Quote of the week

Although judicial proceedings will generally be bound by the requirements of natural justice to a greater degree than will hearings before administrative tribunals, judicial decision-makers, by virtue of their positions, have nonetheless been granted considerable deference by appellate courts inquiring into the apprehension of bias. This is because judges ‘are assumed to be [people] of conscience and intellectual discipline, capable of judging a particular controversy fairly on the basis of its own circumstances’: The presumption of impartiality carries considerable weight, for as Blackstone opined at p. 361 in Commentaries on the Laws of England III . . . ‘[t]he law will not suppose possibility of bias in a judge, who is already sworn to administer impartial justice, and whose authority greatly depends upon that presumption and idea’. Thus, reviewing courts have been hesitant to make a finding of bias or to perceive a reasonable apprehension of bias on the part of a judge, in the absence of convincing evidence to that effect.

L'Heureux-Dube and McLachlin JJ
Livesey v The New South Wales Bar Association [1983] HCA 17; (1983) 151 CLR 288
23 June 2008

This is Zimbabwe today

A chilling eye witness account about Zanu-PF “electioneering” published in the London Times:

Last weekend we had a big pungwe – a political indoctrination meeting – on the farm. It was after Mugabe had come to our little town of Chegutu, southwest of Harare, and addressed the crowd with threats of “war”. A pungwe starts when the shadows lengthen and the sun goes down and darkness falls over the land. It does not stop till after the sun has risen again. All our workers had to go, as well as all their wives with babies and any children over the age of 12. Some of them didn’t go; so the mob sent little bands of chanting youth militia with sticks to fetch the absentees, drag them out of their houses and beat them for non-attendance.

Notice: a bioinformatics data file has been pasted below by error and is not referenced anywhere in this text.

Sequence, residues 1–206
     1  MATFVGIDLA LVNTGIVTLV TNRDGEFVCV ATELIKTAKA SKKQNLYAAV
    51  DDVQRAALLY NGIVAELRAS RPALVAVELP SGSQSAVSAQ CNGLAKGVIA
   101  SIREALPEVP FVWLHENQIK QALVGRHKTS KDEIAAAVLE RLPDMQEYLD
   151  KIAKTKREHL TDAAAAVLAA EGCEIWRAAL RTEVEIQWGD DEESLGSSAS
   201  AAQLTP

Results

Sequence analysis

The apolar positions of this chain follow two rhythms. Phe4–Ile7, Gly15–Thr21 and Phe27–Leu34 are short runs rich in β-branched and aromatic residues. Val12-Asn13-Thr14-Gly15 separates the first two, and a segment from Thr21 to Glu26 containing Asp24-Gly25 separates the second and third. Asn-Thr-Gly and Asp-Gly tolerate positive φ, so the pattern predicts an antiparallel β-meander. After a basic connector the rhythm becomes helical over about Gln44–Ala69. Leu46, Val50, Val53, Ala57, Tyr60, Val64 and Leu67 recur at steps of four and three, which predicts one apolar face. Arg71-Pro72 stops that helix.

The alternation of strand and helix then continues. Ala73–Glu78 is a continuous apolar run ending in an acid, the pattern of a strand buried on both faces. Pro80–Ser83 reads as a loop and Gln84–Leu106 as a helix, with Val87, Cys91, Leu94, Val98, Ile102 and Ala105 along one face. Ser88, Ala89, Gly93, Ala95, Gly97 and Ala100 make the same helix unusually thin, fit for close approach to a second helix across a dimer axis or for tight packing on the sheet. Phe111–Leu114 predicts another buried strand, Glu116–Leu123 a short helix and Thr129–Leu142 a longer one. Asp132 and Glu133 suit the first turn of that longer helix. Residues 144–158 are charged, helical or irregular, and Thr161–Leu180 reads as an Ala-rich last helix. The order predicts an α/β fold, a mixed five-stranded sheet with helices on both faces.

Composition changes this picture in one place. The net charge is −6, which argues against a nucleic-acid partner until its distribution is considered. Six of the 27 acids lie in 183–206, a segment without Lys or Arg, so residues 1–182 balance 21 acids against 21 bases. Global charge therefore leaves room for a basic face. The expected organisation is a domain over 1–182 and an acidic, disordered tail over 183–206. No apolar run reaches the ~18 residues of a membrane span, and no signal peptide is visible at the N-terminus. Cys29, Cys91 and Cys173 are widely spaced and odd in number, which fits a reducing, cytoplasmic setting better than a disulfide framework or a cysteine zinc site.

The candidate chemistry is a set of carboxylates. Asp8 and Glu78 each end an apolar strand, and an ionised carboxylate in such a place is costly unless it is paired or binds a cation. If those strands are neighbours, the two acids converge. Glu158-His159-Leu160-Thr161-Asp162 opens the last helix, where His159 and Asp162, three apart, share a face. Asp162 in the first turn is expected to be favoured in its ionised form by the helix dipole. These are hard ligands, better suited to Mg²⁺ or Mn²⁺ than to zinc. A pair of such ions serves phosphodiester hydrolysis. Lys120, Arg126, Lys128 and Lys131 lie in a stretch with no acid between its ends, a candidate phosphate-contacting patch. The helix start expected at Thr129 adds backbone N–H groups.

Through the night we heard the chanting and the slogans and the re-education speeches ringing out into the cold darkness for hour after hour after hour. On and on it went, striking fear into my heart. I got up and paced around in the cold night, listening.

When the first birds began to sing, I thought: “How can these birds sing after such a night as this?” Then the birdsong was drowned out. There was a terrible noise like a swarm of bees. I knew the beatings had begun again and I listened helpless, tormented, in fear but praying fervently.

Does one really want to form a government of national unity with such people? Does one have any other choice?

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